In the years during which women rarely worked outside of the home, they did most if not all of the housework, cooking and childcare. These days, although both men and women typically work full-time jobs outside the home, women still do the majority of housekeeping, meal preparation and looking after the children.
This has been described as the “second shift” of work for which many women are responsible. According to Pew Research, married mothers still spend an average of eight more hours per week than married fathers doing housework, and six more hours per week looking after the children.
Women Face Extra Demands During This Season
This can be stressful under normal circumstances, and the holiday season can increase a woman’s workload and stress-load significantly. Children who are normally at school for seven hours a day are enjoying weeks of blissful (for them) holidays. There are special meals to prepare. There are holiday parties to plan or contribute to. There are presents to buy for family, friends and coworkers. Women feel pressured to keep up beloved family traditions and to make the season as magical as possible, no matter what it takes.
Any situation that brings high stress can make us particularly vulnerable to the habits that we struggle with the most. For some, it might be overeating (a major temptation in this season of treats). For others, it might be compulsive shopping (also a temptation in this consumer-baiting time of year). The stress of the holiday season may also lead some women to engage in heavier and more frequent drinking, which has the potential to result in an alcohol use disorder.
Women Drink More Than They Used To, and Stress Plays a Part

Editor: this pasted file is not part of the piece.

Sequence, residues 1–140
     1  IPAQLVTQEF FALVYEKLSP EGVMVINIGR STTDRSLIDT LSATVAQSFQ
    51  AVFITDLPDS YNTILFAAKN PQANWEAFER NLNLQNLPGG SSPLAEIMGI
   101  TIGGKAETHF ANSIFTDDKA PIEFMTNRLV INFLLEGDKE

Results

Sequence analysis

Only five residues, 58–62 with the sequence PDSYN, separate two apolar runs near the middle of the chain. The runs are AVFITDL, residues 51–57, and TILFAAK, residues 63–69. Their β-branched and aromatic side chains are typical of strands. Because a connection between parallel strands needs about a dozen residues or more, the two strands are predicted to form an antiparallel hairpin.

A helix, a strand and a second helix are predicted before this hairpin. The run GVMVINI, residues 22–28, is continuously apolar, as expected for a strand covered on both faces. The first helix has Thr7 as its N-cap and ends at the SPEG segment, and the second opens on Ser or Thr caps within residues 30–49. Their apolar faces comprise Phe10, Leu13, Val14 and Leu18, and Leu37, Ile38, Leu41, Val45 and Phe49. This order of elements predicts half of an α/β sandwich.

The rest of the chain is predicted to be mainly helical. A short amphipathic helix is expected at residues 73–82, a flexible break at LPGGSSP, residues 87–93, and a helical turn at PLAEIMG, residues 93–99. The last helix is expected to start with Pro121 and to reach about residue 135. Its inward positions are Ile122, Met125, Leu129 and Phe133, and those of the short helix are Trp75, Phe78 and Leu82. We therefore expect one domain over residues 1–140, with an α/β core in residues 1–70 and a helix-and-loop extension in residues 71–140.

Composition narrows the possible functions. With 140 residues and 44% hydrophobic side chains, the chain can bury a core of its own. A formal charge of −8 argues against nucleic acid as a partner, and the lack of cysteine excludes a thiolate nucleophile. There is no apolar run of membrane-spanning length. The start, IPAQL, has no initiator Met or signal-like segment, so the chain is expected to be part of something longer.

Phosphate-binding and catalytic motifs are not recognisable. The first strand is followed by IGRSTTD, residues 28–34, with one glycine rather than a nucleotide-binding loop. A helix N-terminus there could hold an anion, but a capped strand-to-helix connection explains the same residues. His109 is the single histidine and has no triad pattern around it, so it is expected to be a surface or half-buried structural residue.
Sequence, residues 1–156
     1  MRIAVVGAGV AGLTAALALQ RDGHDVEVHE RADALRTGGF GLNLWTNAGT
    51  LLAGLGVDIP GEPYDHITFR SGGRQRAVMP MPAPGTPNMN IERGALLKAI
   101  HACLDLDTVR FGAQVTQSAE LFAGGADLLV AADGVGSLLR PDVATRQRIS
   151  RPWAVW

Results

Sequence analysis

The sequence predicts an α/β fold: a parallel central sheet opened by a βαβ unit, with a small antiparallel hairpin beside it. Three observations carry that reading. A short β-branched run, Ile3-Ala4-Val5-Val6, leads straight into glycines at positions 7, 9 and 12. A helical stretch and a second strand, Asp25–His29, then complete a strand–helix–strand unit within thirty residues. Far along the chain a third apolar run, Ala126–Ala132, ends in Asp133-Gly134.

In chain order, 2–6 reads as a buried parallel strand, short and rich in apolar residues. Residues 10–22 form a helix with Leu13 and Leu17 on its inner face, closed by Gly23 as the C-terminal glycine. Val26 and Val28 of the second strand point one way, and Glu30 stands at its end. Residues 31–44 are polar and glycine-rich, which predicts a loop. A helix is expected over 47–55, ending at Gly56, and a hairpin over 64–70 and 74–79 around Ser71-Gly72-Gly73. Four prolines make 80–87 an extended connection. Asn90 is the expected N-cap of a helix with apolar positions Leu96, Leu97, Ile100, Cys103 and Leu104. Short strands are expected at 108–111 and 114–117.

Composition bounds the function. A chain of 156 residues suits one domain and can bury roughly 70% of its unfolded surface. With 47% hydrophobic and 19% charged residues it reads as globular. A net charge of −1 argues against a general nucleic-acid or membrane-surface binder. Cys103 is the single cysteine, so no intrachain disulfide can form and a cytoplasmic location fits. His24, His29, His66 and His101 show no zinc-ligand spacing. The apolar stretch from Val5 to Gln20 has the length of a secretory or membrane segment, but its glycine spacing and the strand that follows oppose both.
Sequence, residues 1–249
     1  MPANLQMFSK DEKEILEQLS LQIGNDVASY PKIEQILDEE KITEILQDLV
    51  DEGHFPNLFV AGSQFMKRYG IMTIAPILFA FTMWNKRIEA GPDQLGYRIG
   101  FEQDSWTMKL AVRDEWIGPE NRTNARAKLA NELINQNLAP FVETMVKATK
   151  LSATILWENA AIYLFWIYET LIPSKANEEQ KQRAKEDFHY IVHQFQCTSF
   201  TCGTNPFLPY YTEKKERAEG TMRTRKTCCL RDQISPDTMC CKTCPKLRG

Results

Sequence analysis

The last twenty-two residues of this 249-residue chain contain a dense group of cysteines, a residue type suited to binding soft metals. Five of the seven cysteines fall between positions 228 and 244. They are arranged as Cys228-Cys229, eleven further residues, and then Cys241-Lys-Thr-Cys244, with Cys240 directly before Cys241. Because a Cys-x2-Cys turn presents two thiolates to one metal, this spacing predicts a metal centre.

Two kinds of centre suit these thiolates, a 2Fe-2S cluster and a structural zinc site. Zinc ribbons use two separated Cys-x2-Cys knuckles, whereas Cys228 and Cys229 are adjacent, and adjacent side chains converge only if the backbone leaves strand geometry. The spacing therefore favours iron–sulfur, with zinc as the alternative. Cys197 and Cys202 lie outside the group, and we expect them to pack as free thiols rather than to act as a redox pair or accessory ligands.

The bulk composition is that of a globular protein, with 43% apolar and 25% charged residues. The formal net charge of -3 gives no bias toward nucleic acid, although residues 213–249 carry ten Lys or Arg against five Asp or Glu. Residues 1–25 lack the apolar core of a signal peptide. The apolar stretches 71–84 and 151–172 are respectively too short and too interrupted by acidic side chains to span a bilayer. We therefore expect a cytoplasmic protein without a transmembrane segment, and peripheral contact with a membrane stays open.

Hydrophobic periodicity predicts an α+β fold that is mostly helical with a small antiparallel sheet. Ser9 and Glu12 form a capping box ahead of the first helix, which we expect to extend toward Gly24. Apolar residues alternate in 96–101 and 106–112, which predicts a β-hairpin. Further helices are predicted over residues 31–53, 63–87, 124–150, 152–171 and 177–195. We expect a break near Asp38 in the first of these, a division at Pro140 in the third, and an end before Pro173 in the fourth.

Studies have found that women are drinking significantly more alcohol than they did as recently as 10 years ago. Stress is the reason that many women report drinking—stress from work, from school, from personal relationships and from childcare. The holiday season can put the demands from many of these obligations into overdrive—somehow we are supposed to have special time for everyone during this busy time of year. This means that women who rarely drink are more likely to up their drinking for the season, and that people who regularly drink are more likely to drink heavily for a time.
Mental Health Can Suffer From Holiday Stress
The temptation to engage in potentially destructive habits is not the only worry for women during the holiday season. Even without concerns about over-drinking, over-buying, overeating and the like, holiday stress can take a toll on mental health.
Women are more prone to depression and anxiety, as well as a number of other mental health disorders. The holiday season is supposedly the season of joy, but many people who are prone to depression and anxiety find that the holidays trigger symptoms of these disorders.
It may be holiday parties triggering social anxiety disorder or dysfunctional family reunions aggravating symptoms of depression. All of the demands of the season may leave you feeling tired and emotionally spent and therefore more vulnerable to psychological distress. It may even be the weather—as much as the songs of the season glorify a white Christmas, the short days and severe weather that December brings to many parts of the world can drag down your mood.
If you are a woman who finds the holiday season getting you down, you are certainly not alone. During the time of year when you may be under internal and external pressure to take care of everyone and everything, don’t forget to take care of yourself.